Press Release – March 1995
Project 21 News
Date of Issue: March 1995
African-American Leadership Group
Condemns Racist Adoption Practices
Since forty percent of the children awaiting adoption are black, and only 12 percent of the U.S. population is black, many black children either must languish in foster homes or be adopted by non-black couples, concluded Project 21 members at the meeting. However, many local and state social service agencies actively prevent transracial adoption in hopes of placing black children with black couples willing to adopt. The recently released movie Losing Isiah confronts this controversy with the story of a mother who attempts to reclaim custody of her child from Isiah’s white foster parents three years after abandoning him.
“The adoption system was designed, so I thought, to place children in need of loving, supportive families,” argued Project 21 Advisory Committee member Darlene Kennedy, who was an adopted child herself. Kennedy, whose husband is white, was told by Baltimore City social service representatives that if she and her husband wanted to adopt they would be considered a black couple. Disgusted with the racial labeling of couples wishing to adopt, Kennedy said, “Black children are sinking in bureaucratic quicks and while the families most able to adopt them are denied the right simply because they lack sufficient amounts of melanin in their skin. Groups such as the National Association of Black Social Workers have a political agenda which they seek to accomplish on the backs of children. Black children, they say, belong in black homes even if white families are capable and willing to raise them. Isn’t it ironic that the racism groups like this one claim to loath is the same racism that is practiced with such self-righteousness. What’s in the best interest of a black child stuck on the adoption treadmill is the right to become part of a family who will nurture, love and provide stability to that child’s life and a white family will do just fine.”
“Not too long ago, some people were screaming about the evils of orphanages when they were suggested as alternative homes to trash cans in alleys for neglected children,” says Project 21 Advisory Committee member Ramona Rogers. Rogers, who also serves on the California State Republican Central Committee, added, “And now, some of these same people are content to have black children shuffled around in different foster homes, because couples willing to adopt them aren’t the same skin color. Even worse, some couples willing to adopt children of any race are forced to look in other countries because of practices existing in this country discouraging transracial adoption. Couples wishing to adopt should be judged on their ability to provide a stable home and to be good parents; instead, social service agencies are judging them on whether they’re racially fit.”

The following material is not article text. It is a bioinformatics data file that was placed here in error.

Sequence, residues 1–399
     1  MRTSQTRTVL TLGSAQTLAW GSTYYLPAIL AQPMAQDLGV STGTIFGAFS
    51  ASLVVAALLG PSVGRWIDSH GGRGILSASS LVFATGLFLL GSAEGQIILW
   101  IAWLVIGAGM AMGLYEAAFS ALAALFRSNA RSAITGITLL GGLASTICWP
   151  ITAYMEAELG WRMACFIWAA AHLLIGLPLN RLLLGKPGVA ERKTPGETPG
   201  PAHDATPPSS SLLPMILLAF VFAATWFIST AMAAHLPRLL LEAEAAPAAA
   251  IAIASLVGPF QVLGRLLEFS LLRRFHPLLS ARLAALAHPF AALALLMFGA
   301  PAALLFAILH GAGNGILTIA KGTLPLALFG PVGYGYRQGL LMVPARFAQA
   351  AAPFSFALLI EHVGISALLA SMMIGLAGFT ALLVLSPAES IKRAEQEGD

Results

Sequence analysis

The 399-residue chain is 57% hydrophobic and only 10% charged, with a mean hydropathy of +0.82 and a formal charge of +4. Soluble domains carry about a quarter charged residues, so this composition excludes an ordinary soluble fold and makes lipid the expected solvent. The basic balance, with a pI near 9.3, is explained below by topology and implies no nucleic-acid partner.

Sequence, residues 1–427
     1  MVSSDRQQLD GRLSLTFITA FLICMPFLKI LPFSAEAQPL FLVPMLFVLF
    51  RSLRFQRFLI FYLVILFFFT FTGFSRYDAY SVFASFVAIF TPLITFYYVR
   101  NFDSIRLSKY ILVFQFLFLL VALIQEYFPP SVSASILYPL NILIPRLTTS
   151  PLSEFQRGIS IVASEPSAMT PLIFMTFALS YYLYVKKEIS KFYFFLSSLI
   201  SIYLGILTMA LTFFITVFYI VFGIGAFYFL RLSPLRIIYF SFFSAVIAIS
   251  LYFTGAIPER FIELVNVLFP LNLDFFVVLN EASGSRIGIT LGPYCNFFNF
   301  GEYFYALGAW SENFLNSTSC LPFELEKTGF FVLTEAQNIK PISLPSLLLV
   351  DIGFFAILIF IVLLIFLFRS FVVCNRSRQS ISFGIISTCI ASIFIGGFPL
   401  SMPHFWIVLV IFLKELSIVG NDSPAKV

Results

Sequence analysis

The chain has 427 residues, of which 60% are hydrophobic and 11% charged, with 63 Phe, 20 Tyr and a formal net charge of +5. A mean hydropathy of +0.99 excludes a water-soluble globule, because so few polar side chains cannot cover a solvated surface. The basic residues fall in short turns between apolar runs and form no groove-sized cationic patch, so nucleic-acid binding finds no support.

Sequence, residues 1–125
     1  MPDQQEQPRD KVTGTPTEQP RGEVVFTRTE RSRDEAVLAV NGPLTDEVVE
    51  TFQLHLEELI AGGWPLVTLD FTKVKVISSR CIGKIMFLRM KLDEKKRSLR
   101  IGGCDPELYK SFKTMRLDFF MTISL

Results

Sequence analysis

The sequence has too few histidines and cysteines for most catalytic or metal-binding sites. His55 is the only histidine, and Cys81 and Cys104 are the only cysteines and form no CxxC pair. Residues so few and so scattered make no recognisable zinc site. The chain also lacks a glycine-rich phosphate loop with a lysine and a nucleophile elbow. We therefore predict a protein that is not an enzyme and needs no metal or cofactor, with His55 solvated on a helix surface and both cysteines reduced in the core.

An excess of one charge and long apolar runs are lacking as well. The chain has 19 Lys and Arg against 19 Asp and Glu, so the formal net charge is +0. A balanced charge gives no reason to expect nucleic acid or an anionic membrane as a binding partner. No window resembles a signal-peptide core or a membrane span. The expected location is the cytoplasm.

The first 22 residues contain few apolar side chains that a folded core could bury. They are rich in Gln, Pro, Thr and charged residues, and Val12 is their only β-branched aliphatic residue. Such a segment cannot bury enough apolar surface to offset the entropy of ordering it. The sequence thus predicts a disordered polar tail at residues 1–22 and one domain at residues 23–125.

Critics of transracial adoption argue that black children will lose their cultural, physical, and psychological identity if adopted by parents who are not black. Proponents of transracial adoption cite a study by Rita Simon of American University that shows adopted children do not lose their pride or the closeness of family relationships when compared to children who live with their natural parents. In an effort to make transracial adoptions easier, now retired Senator Howard Metzenbaum (D-OH) successfully sponsored the Multiethnic Placement Act last year. Once the bill passed Congress, however, the Clinton Administration announced that it would interpret the bill to mean race would remain a factor in the adoption process, and actually made interracial adoption more difficult. Congressman Jim Bunning (R-KY), as part of the welfare reform package in the Contract With America, is seeking to bar federal money from being distributed to any agencies that discriminate based on race when placing children.
“The critics of transracial adoption who claim black children will lose their identity if they’re adopted by white parents are talking nonsense,” notes Joseph Broadus, an Assistant Professor at George Mason University School of Law and a Project 21 Advisory Committee member. Broadus continues, “Couples willing to love and educate their adopted children properly will insure that the children assume a positive identity. Social service agencies discriminating based on race are imposing state-sponsored racism. And worse, they’re insuring minority youngsters won’t find homes, leaving many of them to feel unwanted. But I guess in the eyes of some policymakers, the identity crises unwanted children undergo isn’t as great a problem as the crises suffered by black children adopted by white parents. ”
Project 21 is an African-American leadership group dedicated to providing fresh approaches to problems facing American communities. For more information, contact Project 21 at (202) 543-1286.
300 Eye Street NE, #3
Washington, DC 20002
Phone: (202) 543-1286 Fax: (202) 543-4779